Hindsight is a wonderful thing – especially when it is put to marvellous comedic effect to parody the biggest political scandal in recent years. Not many people would have been aware that duck houses even existed before Tory grandee Sir Peter Viggers claimed £1645 for his back in 2009. This extravagance at the tax payers expense came to epitomise politicians’ greed and immorality, and is now lampooned to perfection in Duck House by Dan Patterson and Colin Swash – the writers behind TV hits Have I Got News For You and Mock The Week.
Fictional Labour MP, Robert Houston, played with immaculate comedic timing by (one half of Armstrong and Miller comedy duo) Ben Miller, is political excess personified. He has expensed the aforementioned duck house, as well as a long list of other equally ludicrous items – a sparkling toilet seat, bags of manure, a massage chair, hanging baskets… All of which could probably have been swept under the Persian rug (also expensed) in his living room were he not about default to the Conservative Party with a big fanfare.
When Tory bigwig Sir Norman Cavendish turns up at Houston’s home his attempts to hide his transgressions are predictably farcical, resulting in them literally coming home to roost. Hanging baskets topple out of cupboards, manure falls out of windows and an attempt to pass the duck house off as a Russian dolls house is foiled when eggs come rolling out of the drawbridge and it starts to quack.
Houston’s expenses turn out to be the least of his problems however, when it is revealed he has a housekeeper without the right paperwork, employs his wife as his secretary despite her not being able to turn on a computer and is claiming for a second home he has never stepped foot in. You couldn’t make it up!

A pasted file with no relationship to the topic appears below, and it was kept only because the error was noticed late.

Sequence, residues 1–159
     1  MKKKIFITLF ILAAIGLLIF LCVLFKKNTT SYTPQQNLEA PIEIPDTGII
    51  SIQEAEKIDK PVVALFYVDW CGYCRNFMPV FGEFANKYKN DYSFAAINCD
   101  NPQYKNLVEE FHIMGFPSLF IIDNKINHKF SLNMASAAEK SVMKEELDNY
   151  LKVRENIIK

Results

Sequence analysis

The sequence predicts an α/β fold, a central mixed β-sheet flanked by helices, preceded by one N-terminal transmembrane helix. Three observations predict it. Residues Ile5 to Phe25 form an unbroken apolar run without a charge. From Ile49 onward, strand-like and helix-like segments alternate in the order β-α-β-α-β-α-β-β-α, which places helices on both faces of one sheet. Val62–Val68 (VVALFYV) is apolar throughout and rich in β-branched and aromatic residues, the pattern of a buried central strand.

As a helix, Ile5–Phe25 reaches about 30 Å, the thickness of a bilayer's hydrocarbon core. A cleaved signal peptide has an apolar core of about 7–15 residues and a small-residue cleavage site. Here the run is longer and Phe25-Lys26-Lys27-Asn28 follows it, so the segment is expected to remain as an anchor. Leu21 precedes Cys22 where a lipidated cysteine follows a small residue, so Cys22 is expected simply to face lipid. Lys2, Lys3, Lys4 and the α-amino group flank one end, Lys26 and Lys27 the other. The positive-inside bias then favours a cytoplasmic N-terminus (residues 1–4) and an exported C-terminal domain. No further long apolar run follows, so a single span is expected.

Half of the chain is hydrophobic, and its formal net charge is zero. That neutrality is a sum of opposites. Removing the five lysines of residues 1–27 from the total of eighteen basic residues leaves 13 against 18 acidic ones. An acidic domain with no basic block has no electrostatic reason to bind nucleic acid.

The script is mercilessly witty and plays on just how unpredictable politics can be. Nick Clegg is described as “a man who wouldn’t compromise his principles”, Andrew Mitchell as “a mild mannered man on his bicycle” and Chris Huhne as a “terrible driver; inseparable from his wife.”
The pace and slapstick humour are somewhat unrelenting and the gags are hardly subtle but the performances from Miller, Nancy Caroll as his wife, and James Musgrove as his son are pitched brilliantly, with a star turn also coming from Debbie Chazen as the Russian housekeeper come Daily Mail mouthpiece.
The play may on occasion feel slightly over the top and a little dated but the subject is a treasure-trove of gags and there are comedy gems throughout – no doubt all of those have been expensed as well.